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1.  Stopping guidelines for an effectiveness trial: what should the protocol specify? 
Trials  2016;17:240.
Background
Despite long-standing problems in decisions to stop clinical trials, stopping guidelines are often vague or unspecified in the trial protocol. Clear, well-conceived guidelines are especially important to assist the data monitoring committees for effectiveness trials.
Main text
To specify better stopping guidelines in the protocol for such trials, the clinical investigators and trial statistician should carefully consider the following kinds of questions:How should the relative importance of the treatment benefits and hazards be assessed?For decisions to stop a trial for benefit:What would be the minimum clinically important difference for the study population?How should the probability that the benefit exceeds that difference be assessed?When should the interim analyses include data from other trials?Would the evidence meet state-of-the-art standards for treatment recommendations and practice guidelines?Should less evidence be required to stop the trial for harm than for benefit?When should conventional stopping guidelines for futility be used for comparative effectiveness trials?
Conclusion
Both clinical and statistical expertise are required to address such challenging questions for effectiveness trials. Their joint consideration by clinical investigators and statisticians is needed to define better stopping guidelines before starting the trial.
doi:10.1186/s13063-016-1367-4
PMCID: PMC4862046  PMID: 27165260
Clinical trials; Effectiveness trials; Stopping guidelines; Data monitoring committees; Futility
2.  Trends in Care Practices, Morbidity, and Mortality of Extremely Preterm Neonates, 1993–2012 
JAMA  2015;314(10):1039-1051.
Importance
Extremely preterm infants contribute disproportionately to neonatal morbidity and mortality.
Objective
To review 20-year trends in maternal/neonatal care, complications, and mortality among extremely preterm infants born at Neonatal Research Network centers.
Design, Setting, Participants
Prospective registry of 34,636 infants 22–28 weeks’ gestational age (GA) and 401–1500 gram birthweight born at 26 Network centers, 1993–2012.
Exposure
Extremely preterm birth.
Main Outcomes
Maternal/neonatal care, morbidities, and survival. Major morbidities, reported for infants who survived more than 12 hours, were: severe necrotizing enterocolitis, infection, bronchopulmonary dysplasia, severe intracranial hemorrhage, cystic periventricular leukomalacia, and/or severe retinopathy of prematurity. Regression models assessed yearly changes, adjusting for study center, race/ethnicity, GA, birthweight for GA, and sex.
Results
Use of antenatal corticosteroids increased from 1993 to 2012 (348/1431 [24%] to 1674/1919 [87%], p<0.001), as did cesarean delivery (625/1431 [44%] to 1227/1921 [64%], p<0.001). Delivery room intubation decreased from 1144/1433 (80%) in 1993 to 1253/1922 (65%) in 2012 (p<0.001). After increasing in the 1990s, postnatal steroid use declined to 141/1757 (8%) in 2004 (p<0.001), with no significant change thereafter. Although most infants were ventilated, continuous positive airway pressure without ventilation increased from 120/1666 (7%) in 2002 to 190/1756 (11%) in 2012 (p<0.001). Despite no improvement from 1993 to 2004, rates of late-onset sepsis declined between 2005 and 2012 for infants of each GA (median GA 26 weeks, 109/296 [37%] to 85/320 [27%], adjusted relative risk [aRR]: 0.93 [95% CI, 0.92–0.94]). Rates of other morbidities declined, but bronchopulmonary dysplasia increased between 2009 and 2012 for infants 26–27 weeks (26 weeks, 130/258 [50%] to 164/297 [55%], p<0.001). Survival increased between 2009 and 2012 for infants 23 weeks (41/152 [27%] to 50/150 [33%], aRR: 1.09 [95% CI, 1.05–1.14]) and 24 weeks (156/248 [63%] to 174/269 [65%], aRR: 1.05 [95% CI, 1.03–1.07]), with smaller relative increases for infants 25 and 27 weeks and no change for infants 22, 26 and 28 weeks. Survival without major morbidity increased approximately 2% per year for infants 25–28 weeks with no change for infants 22–24 weeks.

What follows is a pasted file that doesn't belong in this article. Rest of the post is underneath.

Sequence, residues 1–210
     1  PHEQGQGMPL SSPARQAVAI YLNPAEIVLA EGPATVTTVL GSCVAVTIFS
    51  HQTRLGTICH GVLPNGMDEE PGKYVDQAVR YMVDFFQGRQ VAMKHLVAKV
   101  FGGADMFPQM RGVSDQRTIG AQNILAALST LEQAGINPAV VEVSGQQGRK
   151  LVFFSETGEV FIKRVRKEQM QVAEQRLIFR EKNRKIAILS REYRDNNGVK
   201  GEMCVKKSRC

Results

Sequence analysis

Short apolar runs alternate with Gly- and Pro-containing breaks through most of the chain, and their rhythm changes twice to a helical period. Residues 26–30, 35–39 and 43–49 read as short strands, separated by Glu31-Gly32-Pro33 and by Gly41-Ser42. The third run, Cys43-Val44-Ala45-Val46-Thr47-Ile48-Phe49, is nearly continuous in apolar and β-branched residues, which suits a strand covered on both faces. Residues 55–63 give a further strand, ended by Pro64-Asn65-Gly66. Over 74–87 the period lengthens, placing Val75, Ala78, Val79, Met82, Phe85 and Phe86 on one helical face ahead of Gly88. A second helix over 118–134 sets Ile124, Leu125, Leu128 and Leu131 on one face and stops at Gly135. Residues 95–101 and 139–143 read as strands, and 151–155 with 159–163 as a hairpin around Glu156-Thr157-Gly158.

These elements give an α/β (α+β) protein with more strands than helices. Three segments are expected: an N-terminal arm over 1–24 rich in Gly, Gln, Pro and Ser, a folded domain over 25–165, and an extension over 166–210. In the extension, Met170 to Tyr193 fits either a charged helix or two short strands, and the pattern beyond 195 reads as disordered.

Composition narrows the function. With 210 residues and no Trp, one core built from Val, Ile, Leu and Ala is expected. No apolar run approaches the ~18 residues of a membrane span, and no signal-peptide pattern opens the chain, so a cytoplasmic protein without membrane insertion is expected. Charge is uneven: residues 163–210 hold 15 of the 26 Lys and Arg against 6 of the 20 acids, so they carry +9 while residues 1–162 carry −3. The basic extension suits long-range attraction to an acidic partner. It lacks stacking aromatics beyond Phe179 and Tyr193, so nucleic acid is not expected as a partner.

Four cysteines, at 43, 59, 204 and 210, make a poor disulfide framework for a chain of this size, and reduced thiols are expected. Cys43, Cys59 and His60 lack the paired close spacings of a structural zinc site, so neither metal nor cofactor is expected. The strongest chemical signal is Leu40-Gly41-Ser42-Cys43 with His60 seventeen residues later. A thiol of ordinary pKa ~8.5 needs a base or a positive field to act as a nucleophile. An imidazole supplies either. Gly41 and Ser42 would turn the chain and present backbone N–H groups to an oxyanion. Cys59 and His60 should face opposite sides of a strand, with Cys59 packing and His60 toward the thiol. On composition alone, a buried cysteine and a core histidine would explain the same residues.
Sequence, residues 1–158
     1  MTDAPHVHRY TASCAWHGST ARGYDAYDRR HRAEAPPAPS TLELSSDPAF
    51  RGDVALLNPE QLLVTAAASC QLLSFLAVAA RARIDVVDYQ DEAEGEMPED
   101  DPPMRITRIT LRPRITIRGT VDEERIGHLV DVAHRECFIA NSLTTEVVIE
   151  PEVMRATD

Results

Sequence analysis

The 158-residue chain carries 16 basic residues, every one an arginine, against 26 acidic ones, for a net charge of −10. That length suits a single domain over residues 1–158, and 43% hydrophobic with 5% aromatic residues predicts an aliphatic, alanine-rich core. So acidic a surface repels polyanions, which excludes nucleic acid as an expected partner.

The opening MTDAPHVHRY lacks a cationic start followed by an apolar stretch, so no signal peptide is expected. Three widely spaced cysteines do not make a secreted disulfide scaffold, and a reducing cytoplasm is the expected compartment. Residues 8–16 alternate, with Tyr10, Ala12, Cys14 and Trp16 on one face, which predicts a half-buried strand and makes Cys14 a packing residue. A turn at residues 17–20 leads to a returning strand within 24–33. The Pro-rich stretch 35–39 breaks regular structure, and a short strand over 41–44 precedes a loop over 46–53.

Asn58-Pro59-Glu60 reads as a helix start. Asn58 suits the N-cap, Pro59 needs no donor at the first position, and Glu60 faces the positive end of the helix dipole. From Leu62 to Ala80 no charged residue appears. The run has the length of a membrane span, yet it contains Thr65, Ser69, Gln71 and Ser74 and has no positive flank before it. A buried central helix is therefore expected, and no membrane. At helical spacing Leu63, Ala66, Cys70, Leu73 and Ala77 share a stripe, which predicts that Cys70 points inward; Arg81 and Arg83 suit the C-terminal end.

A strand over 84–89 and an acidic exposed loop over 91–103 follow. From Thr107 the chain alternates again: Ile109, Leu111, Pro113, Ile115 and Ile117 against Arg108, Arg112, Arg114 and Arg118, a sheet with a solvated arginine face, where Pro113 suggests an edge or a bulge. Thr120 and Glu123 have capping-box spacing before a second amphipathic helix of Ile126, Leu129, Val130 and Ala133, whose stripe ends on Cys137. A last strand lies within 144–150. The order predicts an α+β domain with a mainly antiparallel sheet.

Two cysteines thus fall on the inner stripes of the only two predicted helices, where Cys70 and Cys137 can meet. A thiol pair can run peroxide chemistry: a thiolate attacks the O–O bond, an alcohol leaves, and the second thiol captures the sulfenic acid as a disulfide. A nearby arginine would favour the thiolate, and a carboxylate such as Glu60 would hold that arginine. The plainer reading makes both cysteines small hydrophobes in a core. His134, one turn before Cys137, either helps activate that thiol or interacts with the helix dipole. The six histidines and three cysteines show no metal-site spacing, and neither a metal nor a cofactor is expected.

Conclusions and Relevance
Among extremely preterm infants born at US academic centers over the last 20 years, changes in maternal and infant care practices and modest reductions in several morbidities were observed, although bronchopulmonary dysplasia increased. Survival increased most markedly for infants born at 23 and 24 weeks and survival without major morbidity increased for infants 25–28 weeks. These findings may be valuable in counselling families and developing novel interventions.
doi:10.1001/jama.2015.10244
PMCID: PMC4787615  PMID: 26348753
3.  Developmental Outcomes of Very Preterm Infants with Tracheostomies 
The Journal of pediatrics  2014;164(6):1303-1310.e2.
Objectives
To evaluate the neurodevelopmental outcomes of very preterm (<30 weeks) infants who underwent tracheostomy.
Study design
Retrospective cohort study from 16 centers of the NICHD Neonatal Research Network over 10 years (2001-2011). Infants who survived to at least 36 weeks (N=8,683), including 304 infants with tracheostomies, were studied. Primary outcome was death or neurodevelopmental impairment (NDI, a composite of one or more of: developmental delay, neurologic impairment, profound hearing loss, severe visual impairment) at a corrected age of 18-22 months. Outcomes were compared using multiple logistic regression. We assessed impact of timing, by comparing outcomes of infants who underwent tracheostomy before and after 120 days of life.